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Society Investigating Mathematical Mind-Expanding Recreations

October 1999 Feature Presentation
Pell's Equation
Ed Barbeau

Department of Mathematics
University of Toronto

This is a summary of what was presented and discussed at the October 1999 SIMMER meeting, along with some problems and questions to think about.

Any number of the form 1 + 2 + ...+ n = n(n+1)/2 is triangular. Which triangular numbers, besides 1, are also squares? A triple (a, b, c) is pythagorean iff c^2 = a^2 + b^2. For which pythagorean triples do the smallest two numbers differ by 1?

Investigation of these, and other similar, problems lead to a quadratic algebraic equation in two variables that can be reduced to the standard form

x^2 - dy^2 = k ,
where d and k are given integers, and a solution (x, y) is sought in integers. Such equations, called Pell's equations, have a long history. Mathematicians in India have studied them since the sixth century of the Christian era, and European's have been looking at them since the time of Fermat. At first, they were solved in an ad hoc way, but gradually a systematic theory was developed and Pell's equations are now recognized as an elementary form of an important type of diophantine equation which has a deep and rich theory.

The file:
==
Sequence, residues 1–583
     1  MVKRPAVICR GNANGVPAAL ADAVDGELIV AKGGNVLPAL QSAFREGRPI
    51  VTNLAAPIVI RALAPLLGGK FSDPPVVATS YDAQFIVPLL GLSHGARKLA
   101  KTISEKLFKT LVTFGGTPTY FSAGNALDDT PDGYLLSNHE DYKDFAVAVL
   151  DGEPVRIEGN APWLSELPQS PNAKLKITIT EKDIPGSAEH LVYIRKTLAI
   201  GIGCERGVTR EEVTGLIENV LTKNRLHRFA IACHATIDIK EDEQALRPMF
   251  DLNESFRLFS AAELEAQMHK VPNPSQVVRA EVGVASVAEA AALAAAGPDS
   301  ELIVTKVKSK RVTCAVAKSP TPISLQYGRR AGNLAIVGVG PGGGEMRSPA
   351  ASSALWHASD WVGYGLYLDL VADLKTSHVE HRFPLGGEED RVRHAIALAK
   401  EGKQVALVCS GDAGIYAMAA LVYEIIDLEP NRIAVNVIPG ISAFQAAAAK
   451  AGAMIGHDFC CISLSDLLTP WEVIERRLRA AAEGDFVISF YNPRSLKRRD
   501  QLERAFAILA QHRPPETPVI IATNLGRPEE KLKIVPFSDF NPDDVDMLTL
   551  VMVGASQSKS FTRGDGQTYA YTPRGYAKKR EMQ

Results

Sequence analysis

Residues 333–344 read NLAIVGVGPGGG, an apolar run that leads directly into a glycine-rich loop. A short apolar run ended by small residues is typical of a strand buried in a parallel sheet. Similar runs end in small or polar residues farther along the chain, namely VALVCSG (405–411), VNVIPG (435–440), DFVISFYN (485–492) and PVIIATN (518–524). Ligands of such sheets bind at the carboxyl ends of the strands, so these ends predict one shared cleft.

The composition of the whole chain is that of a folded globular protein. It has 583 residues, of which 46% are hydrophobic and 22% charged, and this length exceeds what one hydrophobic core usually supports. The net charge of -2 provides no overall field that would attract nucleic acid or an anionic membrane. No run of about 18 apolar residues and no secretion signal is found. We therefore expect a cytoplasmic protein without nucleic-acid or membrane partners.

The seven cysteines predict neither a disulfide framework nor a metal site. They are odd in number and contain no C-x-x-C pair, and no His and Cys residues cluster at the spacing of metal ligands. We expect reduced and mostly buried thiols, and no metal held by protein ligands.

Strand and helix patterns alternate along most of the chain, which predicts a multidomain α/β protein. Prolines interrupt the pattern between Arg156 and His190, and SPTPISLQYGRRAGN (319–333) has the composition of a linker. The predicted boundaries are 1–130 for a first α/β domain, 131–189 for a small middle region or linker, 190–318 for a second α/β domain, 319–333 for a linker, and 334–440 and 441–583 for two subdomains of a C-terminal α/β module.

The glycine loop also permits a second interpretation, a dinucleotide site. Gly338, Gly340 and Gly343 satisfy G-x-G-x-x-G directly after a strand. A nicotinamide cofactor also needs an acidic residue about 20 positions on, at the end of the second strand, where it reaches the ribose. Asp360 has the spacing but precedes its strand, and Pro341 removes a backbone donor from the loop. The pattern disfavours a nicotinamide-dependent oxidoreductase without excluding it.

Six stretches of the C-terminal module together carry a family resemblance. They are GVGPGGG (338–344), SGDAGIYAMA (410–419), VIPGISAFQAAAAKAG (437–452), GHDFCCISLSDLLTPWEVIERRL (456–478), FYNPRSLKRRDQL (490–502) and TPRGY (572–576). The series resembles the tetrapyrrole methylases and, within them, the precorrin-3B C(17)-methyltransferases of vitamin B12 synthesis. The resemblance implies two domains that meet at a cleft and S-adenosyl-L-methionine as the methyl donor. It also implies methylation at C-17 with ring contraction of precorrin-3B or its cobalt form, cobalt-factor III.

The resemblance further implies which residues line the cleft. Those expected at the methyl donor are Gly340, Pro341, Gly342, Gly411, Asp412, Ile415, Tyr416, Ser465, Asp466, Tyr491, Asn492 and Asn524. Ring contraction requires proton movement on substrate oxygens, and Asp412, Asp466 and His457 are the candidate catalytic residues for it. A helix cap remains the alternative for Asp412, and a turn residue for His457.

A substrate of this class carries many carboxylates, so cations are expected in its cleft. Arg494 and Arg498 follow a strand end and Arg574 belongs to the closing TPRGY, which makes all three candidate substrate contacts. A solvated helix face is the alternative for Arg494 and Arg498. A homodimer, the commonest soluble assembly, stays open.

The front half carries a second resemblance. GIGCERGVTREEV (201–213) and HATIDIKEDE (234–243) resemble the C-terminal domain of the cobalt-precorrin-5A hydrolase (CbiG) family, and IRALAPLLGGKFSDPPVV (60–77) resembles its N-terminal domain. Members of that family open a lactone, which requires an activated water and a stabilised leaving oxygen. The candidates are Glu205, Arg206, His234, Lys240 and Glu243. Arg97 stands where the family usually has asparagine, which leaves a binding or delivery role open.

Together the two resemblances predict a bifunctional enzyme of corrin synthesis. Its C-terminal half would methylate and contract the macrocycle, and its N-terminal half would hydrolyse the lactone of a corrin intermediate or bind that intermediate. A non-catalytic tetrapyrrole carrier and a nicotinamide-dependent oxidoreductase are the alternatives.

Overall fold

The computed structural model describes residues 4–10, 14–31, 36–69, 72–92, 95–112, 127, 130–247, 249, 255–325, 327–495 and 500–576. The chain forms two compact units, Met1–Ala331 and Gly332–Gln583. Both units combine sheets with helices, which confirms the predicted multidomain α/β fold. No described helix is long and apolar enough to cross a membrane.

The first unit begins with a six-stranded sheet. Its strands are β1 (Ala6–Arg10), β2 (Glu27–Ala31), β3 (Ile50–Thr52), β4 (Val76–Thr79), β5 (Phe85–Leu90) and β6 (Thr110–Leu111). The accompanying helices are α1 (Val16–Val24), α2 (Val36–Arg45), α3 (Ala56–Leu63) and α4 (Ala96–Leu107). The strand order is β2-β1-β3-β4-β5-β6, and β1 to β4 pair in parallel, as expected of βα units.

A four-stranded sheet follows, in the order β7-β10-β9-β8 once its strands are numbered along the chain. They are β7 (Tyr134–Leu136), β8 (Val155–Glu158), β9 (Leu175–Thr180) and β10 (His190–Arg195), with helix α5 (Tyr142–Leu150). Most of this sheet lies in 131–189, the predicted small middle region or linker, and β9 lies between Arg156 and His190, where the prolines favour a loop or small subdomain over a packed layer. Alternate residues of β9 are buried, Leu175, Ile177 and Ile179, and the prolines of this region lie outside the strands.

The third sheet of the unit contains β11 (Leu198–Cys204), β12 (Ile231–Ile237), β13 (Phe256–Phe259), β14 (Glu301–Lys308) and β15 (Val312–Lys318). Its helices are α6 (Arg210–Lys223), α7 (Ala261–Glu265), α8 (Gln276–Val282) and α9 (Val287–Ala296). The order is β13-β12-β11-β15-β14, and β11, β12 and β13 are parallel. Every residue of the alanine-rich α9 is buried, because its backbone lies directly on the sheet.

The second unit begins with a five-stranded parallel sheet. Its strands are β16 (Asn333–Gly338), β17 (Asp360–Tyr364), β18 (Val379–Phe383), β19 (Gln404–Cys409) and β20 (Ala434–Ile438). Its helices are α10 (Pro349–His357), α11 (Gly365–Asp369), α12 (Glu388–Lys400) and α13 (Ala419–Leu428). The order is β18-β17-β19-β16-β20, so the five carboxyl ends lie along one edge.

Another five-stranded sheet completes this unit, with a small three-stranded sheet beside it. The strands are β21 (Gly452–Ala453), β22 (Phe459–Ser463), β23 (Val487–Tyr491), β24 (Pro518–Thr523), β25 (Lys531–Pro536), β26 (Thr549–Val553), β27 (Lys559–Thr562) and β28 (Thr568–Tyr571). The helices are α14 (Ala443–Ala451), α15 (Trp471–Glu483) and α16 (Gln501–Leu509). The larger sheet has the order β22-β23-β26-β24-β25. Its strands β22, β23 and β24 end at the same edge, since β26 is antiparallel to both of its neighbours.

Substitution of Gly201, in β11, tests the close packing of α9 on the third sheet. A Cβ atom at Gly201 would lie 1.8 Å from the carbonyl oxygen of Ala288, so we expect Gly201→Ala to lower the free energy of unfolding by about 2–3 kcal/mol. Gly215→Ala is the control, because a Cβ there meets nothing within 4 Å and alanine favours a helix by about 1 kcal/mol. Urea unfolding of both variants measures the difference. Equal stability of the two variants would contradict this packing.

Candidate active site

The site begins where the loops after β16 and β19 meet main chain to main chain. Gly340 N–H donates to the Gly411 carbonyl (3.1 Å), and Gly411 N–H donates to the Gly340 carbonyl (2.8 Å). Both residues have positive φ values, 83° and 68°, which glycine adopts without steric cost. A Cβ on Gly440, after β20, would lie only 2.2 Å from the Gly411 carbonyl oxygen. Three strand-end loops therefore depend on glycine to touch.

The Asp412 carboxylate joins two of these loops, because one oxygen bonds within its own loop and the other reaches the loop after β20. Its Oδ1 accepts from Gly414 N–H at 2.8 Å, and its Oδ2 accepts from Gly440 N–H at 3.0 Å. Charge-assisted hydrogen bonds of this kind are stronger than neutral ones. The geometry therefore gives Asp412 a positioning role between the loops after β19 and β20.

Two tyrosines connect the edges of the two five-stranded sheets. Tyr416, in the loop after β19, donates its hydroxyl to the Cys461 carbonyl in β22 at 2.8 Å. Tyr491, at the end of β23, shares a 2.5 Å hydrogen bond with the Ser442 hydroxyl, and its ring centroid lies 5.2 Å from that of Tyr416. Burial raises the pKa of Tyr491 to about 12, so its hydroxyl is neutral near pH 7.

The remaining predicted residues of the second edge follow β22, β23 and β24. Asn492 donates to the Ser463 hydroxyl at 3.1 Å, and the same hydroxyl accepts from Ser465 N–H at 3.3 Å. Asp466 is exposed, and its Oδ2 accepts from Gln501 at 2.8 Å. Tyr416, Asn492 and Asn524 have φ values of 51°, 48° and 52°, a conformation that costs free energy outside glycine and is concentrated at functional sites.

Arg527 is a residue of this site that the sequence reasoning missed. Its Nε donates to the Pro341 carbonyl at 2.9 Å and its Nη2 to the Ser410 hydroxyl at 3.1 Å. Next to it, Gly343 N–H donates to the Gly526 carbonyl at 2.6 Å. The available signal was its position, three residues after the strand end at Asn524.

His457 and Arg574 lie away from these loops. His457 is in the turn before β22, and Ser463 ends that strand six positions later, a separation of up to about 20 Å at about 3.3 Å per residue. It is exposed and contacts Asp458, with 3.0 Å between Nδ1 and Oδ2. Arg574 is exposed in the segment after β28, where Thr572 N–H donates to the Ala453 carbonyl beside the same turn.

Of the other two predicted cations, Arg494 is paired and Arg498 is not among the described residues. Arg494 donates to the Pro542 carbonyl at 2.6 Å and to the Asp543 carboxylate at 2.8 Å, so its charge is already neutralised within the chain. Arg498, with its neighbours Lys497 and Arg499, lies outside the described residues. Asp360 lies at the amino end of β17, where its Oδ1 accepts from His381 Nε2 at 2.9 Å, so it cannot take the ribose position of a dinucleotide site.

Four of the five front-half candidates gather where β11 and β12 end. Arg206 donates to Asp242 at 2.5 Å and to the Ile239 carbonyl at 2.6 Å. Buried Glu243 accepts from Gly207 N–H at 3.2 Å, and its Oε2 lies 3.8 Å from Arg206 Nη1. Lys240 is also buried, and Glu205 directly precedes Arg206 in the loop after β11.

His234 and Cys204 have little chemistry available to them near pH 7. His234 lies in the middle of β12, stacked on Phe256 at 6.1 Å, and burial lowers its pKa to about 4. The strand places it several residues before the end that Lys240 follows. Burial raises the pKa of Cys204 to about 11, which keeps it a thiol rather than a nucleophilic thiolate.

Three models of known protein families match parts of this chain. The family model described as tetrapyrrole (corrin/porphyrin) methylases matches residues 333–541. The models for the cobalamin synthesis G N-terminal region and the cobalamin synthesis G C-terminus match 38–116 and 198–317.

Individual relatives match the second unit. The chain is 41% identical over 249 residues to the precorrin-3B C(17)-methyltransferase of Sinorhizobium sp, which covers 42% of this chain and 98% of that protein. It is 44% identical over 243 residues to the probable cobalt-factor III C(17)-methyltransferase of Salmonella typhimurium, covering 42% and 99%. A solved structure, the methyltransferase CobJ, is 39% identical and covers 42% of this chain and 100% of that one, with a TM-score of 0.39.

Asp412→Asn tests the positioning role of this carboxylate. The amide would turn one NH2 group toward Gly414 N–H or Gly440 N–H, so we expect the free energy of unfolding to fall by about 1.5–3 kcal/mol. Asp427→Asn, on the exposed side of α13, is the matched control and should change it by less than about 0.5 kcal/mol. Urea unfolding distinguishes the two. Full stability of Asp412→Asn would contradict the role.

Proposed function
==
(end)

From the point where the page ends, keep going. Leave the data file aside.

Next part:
It turns out that, when d is a nonsquare positive integer, the equation x^2 - dy^2 = 1 always has a solution in positive integers. Such solutions are often very easy to find, as when d = 2, 3. Sometimes, finding them is more troublesome, such as when d = 13. And occasionally, finding a solutions seems downright impossible, such as when d = 61. However, Brahmagupta solved x^2 - 61y^2 = 1 for positive integers back in the eleventh century, while Euler (1707-1783) was the first European to find a solution.

In preparation for this SIMMER session, try your hand at solving x^2 - dy^2 = 1 for various values of d from 2 up to 100. In some cases, you will see some patterns based on the form of the number, but in others you will need a certain amount of ingenuity. Why don't you get some of your students and colleagues working on it?

Other equations of particular interest (when we meet, you will see why) are x^2 - dy^2 = 4 where x and y are both required to be odd, and x^2 - dy^2 = -1. A very deep question for each of these is to characterize those values of d for which there is a solution in positive integers.

I have prepared a set of exercises on Pell's equation which can be used by students seeking enrichment or by teachers wanting to get into an interesting topic that still has connection with high school work. Chapters 1 (on the square root of 2) and 7 (on a cubic version of Pell's equation) are available on the net for your perusal:

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